We actually did this and our Council's Sing Patch at the same time. The girls learned the five songs over the course of a few meetings and then they chose a couple to sing at Court of Awards at the end of the year. We also set up a time with a Daisy troop to teach them a few songs we had learned, too. The girls loved being the "big girls" and being idolized by the sweet little Daisys. 

Girl Scout Way 2 - Celebrate Juliette Gordon Low's Birthday

We didn't necessarily celebrate her birthday, but the birth of Girl Scouts. We earned this badge in March, so it tied in perfectly with the 100th birthday of Girl Scouts. We decorated the room, had balloons, cupcakes, games, and a lot of fun! It so happened that it was my actual birthday the night of the party, so it was a win-win for me. (and YES I do the scheduling for troop meetings and was fully aware that my birthday fell on a troop meeting day. What better way to spend your birthday with amazing Girl Scouts?)

Girl Scout Ways 3- Share Sisterhood - Create a play about good turns

The girls put on impromptu skits. I gave them a line from the Girl Scout Law and they had to come up with a way to act out the wrong way and the right way. We talked about the importance of doing good turns and came up with several simple ones they could do at home, such as emptying the dishwasher, grooming the pet, making their bed and cleaning their room without being asked, not fussing over homework, and just helping around the house and yard. 

Girl Scout Ways 4 - Leave a place better than you found it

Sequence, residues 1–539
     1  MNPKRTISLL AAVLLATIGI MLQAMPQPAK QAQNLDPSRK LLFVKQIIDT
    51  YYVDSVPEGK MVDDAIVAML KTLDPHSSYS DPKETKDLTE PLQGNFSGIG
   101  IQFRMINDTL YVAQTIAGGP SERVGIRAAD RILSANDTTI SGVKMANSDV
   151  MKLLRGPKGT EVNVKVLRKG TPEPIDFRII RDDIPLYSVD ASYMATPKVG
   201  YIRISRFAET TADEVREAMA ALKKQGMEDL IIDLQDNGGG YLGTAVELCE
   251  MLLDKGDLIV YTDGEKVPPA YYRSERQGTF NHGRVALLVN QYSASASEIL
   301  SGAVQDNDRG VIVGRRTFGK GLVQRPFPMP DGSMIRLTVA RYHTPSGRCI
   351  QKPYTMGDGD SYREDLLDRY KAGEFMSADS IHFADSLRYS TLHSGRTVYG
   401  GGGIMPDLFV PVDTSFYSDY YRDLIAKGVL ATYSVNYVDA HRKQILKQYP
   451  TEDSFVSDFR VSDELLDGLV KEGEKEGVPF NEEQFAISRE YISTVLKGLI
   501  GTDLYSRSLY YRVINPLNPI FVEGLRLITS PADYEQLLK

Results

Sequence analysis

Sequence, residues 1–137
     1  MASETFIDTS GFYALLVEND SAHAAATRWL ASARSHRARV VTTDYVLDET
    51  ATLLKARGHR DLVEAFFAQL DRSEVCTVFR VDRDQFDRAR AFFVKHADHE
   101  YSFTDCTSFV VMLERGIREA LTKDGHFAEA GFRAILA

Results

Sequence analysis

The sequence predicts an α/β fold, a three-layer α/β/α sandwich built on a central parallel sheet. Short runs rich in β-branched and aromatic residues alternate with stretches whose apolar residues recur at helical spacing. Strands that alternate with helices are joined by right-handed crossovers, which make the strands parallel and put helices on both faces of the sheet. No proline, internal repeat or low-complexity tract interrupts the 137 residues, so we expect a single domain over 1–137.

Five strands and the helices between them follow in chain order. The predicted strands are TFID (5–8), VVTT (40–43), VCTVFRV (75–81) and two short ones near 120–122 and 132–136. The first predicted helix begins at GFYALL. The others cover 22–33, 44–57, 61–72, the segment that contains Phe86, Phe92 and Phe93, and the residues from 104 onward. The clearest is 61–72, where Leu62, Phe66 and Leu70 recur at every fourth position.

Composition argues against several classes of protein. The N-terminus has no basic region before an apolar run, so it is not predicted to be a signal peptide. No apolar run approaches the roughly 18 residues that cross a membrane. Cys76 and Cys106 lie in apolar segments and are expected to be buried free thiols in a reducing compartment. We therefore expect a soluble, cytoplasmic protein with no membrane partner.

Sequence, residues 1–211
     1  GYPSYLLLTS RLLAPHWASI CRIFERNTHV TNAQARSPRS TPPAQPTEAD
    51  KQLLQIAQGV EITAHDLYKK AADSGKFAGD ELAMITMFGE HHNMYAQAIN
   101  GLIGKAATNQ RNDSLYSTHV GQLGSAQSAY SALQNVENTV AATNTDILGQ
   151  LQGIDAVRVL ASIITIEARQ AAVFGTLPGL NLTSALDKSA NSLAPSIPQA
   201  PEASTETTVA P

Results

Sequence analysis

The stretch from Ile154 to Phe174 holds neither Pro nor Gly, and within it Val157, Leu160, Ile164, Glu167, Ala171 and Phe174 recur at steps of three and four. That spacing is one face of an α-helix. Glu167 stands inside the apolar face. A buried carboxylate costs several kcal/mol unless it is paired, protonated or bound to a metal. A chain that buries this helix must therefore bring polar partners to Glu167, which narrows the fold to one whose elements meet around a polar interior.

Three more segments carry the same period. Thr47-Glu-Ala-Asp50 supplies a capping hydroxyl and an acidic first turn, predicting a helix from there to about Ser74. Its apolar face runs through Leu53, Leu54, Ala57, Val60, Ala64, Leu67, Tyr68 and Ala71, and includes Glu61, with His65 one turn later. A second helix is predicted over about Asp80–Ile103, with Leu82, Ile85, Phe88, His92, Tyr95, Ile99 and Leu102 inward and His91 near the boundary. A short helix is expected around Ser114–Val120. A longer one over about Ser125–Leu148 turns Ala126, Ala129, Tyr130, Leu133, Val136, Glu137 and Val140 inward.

The girls had such a great time cleaning up their playground for a service project with the journey, that we did the same for the church we meet at. We cleaned up the parking lot, the side lots, and the back. I must say they have to have someone doing that, because we didn't get near the amount of trash as we did at the school. But it still looked better when we were done. 

Girl Scout Ways 5- Read the Brownie Story and act it out

This tied in with traditions. The Brownie Story is a traditional Girl Scout story and one the girls need to know. It talks about Brownies after all. It sets the tone for the years of service ahead of them and makes them stop and think about ways to get involved. We read the story through once and then they chose parts and we went through it again with them acting it out. Their favorite part was the spinning and turning part... ha!

I want to say one thing about this badge... we didn't do it all in one meeting or one month... We spread it out. We did a couple things here, one there, one here, and finished it up at the end of the school year. You don't have to do all the activities in one meeting!! Just keep track of what you did and what you need to do and you'll be golden. I have a Leader friend that actually just has fun with her girls all year long and at the end of the year they sit and look through badges to see what they did. That would drive me insane, but it works for her. Whatever your approach, as long as the girls are having fun and learning and doing... you have met the goal. Don't stress over badge work. Focus on enjoying what you are doing.